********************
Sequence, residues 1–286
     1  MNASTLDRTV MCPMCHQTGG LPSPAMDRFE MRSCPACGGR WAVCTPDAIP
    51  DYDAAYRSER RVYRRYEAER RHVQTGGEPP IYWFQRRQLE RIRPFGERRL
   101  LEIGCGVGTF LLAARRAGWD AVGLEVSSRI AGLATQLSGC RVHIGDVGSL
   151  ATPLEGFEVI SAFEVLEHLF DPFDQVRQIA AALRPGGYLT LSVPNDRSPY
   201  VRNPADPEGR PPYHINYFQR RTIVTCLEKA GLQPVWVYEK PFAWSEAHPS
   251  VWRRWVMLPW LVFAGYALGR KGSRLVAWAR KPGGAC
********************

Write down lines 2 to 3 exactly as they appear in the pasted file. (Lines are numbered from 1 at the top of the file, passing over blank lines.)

     1  MNASTLDRTV MCPMCHQTGG LPSPAMDRFE MRSCPACGGR WAVCTPDAIP
    51  DYDAAYRSER RVYRRYEAER RHVQTGGEPP IYWFQRRQLE RIRPFGERRL